- Thinking about money, person pulls out a large amount of money, you wish you had that money = coveting
- Job Promotion someone else gets = jealousy,
- Don’t want to lose your friend, you start thinking of ways to make the other look bad, perhaps make stuff up about them = bearing false witness.
All these things are self beneficial and you think them simply so you can get ahead. You see you’re not satisfied with what finances the Lord has given you, you’re not satisfied with the job God has given you and the relationships you’re in. The heart exposes man’s dissatisfaction, it manifests his lustful desires and reveals to a person who they really are. The problem is; people don’t listen to their heart! They push aside their condemning thoughts or merely define them as “normal”. I’m going to remember the good things and ignore the bad things. You see these aren’t normal thoughts; these aren’t the natural feelings, they are the feelings of a rebellious heart, a heart that is dead to God.
The term in-house debate is generally used of biblical beliefs that are not agreed upon en toto and have been discussed very passionately within the church. An age old debate that has surfaced time and time again is on the subject of predestination & election. The debate has been primarily amongst those who call themselves Calvinists and Arminians with a slightly modified version of these two views which I call 4-point Arminianism. Each view has significant implications with regards to the doctrine of salvation.
Calvinists would argue that God has predestined a certain number of individuals before the foundation of the world unto salvation and that man is totally dependant on God to save him because man has been so corrupted by the fall that he does not desire salvation. Men are brought to faith through the regenerating power of the Holy Spirit and God grants men faith & repentance. Calvinism summarizes its theology through the five points of Calvinism:
- Total Depravity: This states that men are born in this world enslaved to sin and sin has affected their whole being including their will where they no inclination towards God or His gospel.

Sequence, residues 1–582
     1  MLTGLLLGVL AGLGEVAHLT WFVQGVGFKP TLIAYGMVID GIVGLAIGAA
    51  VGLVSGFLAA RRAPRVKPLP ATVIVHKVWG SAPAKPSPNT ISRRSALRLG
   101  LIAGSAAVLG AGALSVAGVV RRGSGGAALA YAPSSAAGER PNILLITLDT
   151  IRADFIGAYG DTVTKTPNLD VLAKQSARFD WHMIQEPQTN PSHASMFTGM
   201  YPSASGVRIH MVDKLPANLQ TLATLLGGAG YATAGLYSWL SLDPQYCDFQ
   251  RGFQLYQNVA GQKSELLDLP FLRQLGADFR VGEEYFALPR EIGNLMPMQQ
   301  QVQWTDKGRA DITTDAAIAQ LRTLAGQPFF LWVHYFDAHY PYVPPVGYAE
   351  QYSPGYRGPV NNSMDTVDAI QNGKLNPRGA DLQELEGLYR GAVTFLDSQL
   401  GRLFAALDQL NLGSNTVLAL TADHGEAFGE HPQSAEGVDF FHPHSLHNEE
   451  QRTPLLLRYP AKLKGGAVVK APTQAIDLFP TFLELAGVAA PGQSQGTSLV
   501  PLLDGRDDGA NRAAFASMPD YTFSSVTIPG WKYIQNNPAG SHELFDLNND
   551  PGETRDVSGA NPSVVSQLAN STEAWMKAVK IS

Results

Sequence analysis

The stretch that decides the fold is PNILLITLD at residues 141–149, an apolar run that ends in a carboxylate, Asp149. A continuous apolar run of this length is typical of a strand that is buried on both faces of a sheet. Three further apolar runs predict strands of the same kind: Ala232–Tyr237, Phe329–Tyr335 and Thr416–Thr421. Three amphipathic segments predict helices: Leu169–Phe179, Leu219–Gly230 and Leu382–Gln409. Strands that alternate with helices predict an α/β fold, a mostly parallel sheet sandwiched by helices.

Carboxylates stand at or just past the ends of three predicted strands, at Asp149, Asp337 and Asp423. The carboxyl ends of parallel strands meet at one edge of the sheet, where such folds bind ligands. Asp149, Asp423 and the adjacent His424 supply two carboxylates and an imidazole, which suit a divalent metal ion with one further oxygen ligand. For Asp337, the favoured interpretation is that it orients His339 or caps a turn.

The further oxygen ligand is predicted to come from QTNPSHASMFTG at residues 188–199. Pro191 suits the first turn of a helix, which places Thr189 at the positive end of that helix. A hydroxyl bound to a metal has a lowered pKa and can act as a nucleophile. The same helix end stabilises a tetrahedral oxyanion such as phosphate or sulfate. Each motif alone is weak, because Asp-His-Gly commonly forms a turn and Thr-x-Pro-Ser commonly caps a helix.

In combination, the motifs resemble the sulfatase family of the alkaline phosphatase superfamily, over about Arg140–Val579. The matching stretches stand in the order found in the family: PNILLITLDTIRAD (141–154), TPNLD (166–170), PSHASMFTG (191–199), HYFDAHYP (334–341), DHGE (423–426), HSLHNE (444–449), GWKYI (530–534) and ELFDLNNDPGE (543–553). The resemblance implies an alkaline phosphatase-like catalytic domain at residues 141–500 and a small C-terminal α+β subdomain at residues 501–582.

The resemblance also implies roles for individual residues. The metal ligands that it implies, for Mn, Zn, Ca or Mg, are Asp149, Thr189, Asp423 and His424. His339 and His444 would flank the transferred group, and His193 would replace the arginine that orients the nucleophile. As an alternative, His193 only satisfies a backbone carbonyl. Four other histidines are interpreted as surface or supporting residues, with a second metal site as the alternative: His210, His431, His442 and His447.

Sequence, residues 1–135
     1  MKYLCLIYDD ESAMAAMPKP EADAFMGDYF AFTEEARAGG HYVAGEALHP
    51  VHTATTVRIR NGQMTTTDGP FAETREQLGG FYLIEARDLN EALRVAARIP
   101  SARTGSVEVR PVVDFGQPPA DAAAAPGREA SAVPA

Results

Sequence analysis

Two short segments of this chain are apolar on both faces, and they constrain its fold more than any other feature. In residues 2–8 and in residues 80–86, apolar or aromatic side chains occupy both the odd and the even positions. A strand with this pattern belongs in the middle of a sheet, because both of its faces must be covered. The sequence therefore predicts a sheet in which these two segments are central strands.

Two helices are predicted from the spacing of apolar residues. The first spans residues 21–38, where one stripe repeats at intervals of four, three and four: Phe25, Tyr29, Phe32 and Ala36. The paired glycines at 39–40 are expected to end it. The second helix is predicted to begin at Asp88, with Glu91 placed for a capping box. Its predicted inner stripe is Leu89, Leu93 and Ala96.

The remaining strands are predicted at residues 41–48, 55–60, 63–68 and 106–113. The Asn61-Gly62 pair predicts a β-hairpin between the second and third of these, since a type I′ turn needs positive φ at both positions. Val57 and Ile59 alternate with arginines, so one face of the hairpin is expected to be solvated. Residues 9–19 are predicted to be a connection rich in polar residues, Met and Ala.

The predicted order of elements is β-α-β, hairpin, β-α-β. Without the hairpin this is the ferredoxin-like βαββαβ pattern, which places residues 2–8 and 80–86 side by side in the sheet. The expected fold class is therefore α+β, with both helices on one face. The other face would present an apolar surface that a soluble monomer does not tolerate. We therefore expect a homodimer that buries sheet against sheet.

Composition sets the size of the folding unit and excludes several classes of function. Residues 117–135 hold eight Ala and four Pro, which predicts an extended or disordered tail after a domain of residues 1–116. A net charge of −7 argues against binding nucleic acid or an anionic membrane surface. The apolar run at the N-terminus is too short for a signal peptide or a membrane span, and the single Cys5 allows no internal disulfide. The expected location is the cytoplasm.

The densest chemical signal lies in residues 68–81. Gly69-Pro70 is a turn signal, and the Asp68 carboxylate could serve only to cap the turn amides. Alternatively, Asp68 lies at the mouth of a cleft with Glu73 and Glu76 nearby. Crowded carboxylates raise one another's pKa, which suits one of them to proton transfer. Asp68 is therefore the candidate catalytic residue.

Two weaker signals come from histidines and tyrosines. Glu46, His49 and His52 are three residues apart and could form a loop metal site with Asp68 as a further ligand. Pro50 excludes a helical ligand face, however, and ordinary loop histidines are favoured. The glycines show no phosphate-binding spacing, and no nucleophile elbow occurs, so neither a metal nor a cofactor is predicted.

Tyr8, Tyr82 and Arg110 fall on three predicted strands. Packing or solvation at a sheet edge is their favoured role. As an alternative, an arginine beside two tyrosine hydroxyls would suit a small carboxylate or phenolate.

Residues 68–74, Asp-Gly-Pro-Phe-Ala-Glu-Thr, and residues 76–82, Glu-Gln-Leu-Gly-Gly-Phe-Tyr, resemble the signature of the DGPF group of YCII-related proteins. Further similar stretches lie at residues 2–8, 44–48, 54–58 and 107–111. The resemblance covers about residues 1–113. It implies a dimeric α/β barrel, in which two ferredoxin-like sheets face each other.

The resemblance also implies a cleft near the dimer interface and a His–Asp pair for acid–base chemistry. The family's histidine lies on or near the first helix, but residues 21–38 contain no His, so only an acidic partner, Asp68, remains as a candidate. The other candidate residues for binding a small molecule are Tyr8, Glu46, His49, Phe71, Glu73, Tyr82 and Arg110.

- Unconditional Election: This states that from eternity past God has chosen a particular people to whom He will show favour especially through salvation. This election is not based upon anything within man, any good works or even an autonomous faith.
- Limited Atonement: This view is also called Particular Redemption in which Christ’s death is particular and definite. Christ’s death actually accomplishes what it set out to do and is effective for the elect.
- Irresistible Grace: This is the idea that God’s grace overcomes the rebellious will of the sinner and where God grants the sinner faith & repentance through the Holy Spirit.
- Perseverance of the Saints: This is the teaching that those who are the elect will persevere to the end because it is God’s persevering in them and hence they are secure in God.
To summarize all this, Salvation is the work of God and God alone.
Arminians see salvation as cooperation between man & God for the salvation of souls. All men have the ability to choose for God and Christ died potentially for all men equally. The Holy Spirit convicts sinners of their sin and men must exercise their free will in an autonomous sense in faith towards Christ. The Arminian theology can also be summarized with five points:
- Human Free Will: This is the view that man has a sinful nature due to the fall yet still possesses the capacity to believe in Christ and sin has not totally corrupted man.
- Conditional Election: This is the view that God’s election is based upon the active working of His foreknowledge in order to see into the future and know who will finally believe on His Son.
- Universal Atonement: This is the doctrine that states that Christ’s death was universal and hence meant for all mankind equally.
- Prevenient Grace: This is the understanding that God’s grace is never “irresistible” and that is can always be rejected under any circumstance. Arminians still see the necessity of grace in helping man.
- Falling from Grace: This point states that men who have received Christ can fall from grace at any time and salvation is dependant on the faithfulness of the individual.
To summarize all this, Salvation is the cooperative work of God and man.